It’s not what you know, it’s what you don’t that matters.
I cannot begin to tell you that I’m still a bit shocked that a few weeks ago I was defending the $80 floor in WTI. I go away for a few days here and there and the next thing I know I’m trying to explain to everyone how we’re hoping to hold the $75 area. Oh, it’s been a rough couple of weeks, my teeming millions. Rough. I like to think of this period with a nod to shale oil and gas. Who knew? I mean this, who the heck knew? We don’t even have a Roubini that can take credit for the shale revolution. At least I was there to stake some claim for the crude oil rally from $16 in 2001 to $100 in 2007. I was bullish every step of the way.
There was no doubt in my mind during that period that we were headed to triple digits, and I made a nice little name for myself. Of course there was a misstep. That was when I tried to go back to my Econo-head roots and stumped for “oil-flation." I was convinced that once WTI pushed above $80, inflation was going to strangle the U.S. economy and it was going to be doom and gloom. Hmm, at least in my 2009 I had the doom and gloom part right, inflation? Yeah, not so much.
Now we are in a whole new paradox. There are a few out there who are going to lay claim to WTI headed back to their $60 target a few years ago, but the game has changed, and although they are right in principle, they are wrong on the facts. The idea was that the oil production was going to weigh on the weak demand. Well if we’re only talking about the U.S., demand hasn’t been this good. Not only have we cut crude oil imports to just above 7M b/d, we’re practically double the crude production in America. Make no mistake either, we’re using all we can. The refinery runs this year have been at record levels (15.8M b/d) and supply is still a solid 7M barrels than at this time last year (378M v. 386M). We’re ready to turn the machines back on and continue drawing down into spring.
Now I’ll get to the real dilemma that is plaguing the oil markets, the U.S. has the com. It’s not the U.S. domestic production at 9M b/d or that imports are headed to the lowest level since Milli Vanilli won a Grammy. It’s the fact that we’re putting OPEC and the EU out of business. Fact is, it’s a double whammy on the EU. We’re taking away the money they were making from exporting gasoline and we’re pulling money from any new development in the North Sea.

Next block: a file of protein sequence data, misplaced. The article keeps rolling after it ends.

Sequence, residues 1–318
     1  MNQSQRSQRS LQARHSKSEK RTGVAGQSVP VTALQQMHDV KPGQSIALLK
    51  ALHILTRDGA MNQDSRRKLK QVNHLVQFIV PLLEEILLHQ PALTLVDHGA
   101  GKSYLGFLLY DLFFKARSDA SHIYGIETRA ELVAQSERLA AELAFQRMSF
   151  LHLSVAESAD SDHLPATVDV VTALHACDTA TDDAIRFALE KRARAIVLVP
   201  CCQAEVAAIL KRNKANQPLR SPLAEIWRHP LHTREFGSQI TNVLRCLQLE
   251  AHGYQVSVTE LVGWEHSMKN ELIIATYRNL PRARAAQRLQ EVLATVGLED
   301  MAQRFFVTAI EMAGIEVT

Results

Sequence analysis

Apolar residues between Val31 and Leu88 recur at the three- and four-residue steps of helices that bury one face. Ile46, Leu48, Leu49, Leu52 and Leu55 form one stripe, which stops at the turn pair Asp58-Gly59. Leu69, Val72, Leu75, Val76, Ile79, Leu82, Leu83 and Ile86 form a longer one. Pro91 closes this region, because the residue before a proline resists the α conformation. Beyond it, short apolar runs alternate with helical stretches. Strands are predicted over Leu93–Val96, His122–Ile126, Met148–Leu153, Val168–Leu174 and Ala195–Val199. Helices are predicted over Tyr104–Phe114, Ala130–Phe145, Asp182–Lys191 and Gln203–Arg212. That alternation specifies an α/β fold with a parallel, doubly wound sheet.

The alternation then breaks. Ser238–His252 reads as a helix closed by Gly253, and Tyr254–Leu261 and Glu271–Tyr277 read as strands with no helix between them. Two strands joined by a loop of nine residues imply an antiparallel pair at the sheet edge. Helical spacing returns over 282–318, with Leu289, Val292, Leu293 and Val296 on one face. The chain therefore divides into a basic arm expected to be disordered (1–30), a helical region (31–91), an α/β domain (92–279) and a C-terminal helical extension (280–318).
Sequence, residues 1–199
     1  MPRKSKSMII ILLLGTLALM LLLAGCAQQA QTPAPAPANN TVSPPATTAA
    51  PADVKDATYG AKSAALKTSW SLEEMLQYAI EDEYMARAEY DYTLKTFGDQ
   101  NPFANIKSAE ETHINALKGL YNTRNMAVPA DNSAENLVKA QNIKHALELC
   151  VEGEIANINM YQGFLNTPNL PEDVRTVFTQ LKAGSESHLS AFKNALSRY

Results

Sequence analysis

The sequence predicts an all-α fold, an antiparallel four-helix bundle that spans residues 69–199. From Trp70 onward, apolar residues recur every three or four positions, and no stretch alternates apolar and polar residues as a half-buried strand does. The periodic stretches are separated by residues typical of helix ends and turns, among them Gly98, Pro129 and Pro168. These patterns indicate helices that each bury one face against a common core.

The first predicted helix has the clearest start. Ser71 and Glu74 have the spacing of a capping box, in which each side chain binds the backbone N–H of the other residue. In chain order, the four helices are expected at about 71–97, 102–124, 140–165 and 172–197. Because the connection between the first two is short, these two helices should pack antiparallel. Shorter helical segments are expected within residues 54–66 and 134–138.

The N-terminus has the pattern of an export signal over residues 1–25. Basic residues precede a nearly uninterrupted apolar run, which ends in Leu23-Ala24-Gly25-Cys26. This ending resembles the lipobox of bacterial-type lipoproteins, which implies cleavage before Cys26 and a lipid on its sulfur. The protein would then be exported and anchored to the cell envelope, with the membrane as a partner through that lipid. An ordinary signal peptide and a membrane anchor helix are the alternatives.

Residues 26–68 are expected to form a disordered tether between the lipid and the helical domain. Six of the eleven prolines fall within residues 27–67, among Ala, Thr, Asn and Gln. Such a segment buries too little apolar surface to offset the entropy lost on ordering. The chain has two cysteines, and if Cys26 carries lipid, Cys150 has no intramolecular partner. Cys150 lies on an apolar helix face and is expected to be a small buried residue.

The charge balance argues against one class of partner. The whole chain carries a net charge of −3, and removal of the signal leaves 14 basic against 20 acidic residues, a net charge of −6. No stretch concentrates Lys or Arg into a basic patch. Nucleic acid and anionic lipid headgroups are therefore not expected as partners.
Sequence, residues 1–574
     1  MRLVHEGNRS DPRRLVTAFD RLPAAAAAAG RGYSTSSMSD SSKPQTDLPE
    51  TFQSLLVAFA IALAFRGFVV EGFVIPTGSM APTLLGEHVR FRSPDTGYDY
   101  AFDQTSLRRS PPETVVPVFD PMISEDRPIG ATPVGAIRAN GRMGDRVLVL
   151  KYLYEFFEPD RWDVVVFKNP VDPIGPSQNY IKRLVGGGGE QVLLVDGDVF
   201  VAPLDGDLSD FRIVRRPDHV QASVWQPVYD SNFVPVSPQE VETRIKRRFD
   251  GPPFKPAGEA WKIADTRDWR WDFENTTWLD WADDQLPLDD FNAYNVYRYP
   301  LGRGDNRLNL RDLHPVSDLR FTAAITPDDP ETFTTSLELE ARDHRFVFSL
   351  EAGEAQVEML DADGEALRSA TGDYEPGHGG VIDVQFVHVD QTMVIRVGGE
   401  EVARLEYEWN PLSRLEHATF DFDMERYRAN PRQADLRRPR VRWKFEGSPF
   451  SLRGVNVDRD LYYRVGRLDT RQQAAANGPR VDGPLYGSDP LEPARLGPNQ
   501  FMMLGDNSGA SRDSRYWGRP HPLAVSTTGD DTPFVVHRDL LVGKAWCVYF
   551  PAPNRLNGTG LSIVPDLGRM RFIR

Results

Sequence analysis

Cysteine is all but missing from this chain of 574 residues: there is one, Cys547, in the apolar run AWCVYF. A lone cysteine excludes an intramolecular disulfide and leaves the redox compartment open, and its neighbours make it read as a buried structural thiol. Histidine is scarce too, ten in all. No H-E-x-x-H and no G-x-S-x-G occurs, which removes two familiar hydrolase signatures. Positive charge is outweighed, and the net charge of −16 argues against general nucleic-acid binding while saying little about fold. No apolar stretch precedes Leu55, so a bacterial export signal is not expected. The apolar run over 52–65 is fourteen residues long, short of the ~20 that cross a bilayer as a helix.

Not only is the North Sea in decline, smart money is trying to find more ways to invest in unconventional drilling. To that note, there’s no denying that with a horizontal drill used in fracking, if there’s a need to halt ops, it will be ale to start right back up with a small percentage that it will lose any production. In a conventional drill, you can stop or reduce production, but you better have you’re lucky rabbit foot and your fingers crossed to get things back to where they were. Things have changed and the price of oil isn’t the old grey mare that she used to be.
CRUDE -1.5M – Sorry for the delay folks I was still basking in the glory of calling this draw last week. It’s hard to type when you’re busy patting yourself on the back. I need all the love I can get with WTI prices down at these levels. Well now that we’re ratcheting up the refineries back from turnarounds, it should help support the crude down here. Look for even weaker imports too.
GASOLINE +1.0M – I’d like to think that the demand is going to come in high and pull down stocks, but these refiners have to keep running high to meet that disty demand. As good as gasoline demand can and will be this Winter, we will catch a break this week with a build on higher production.
DISTILLATE -2.0M – Oh it’s on like Donkey Kong. If anything, America remembers last winter oh-too-well. This cold snap has plenty of folks stockpiling their heating oil tanks, but the real demand that not many outside of me saw coming was diesel demand. As much as we love to go out shopping is as much as goods need to be delivered. This is where we’re going to see solid demand until the end of the year.
UTILIZATION +1.0% - These are refineries. When there’s an opportunity to make money, they need to run and run they shall.
CUSHING -1.0M – Refineries run, Cushing draws. Simple.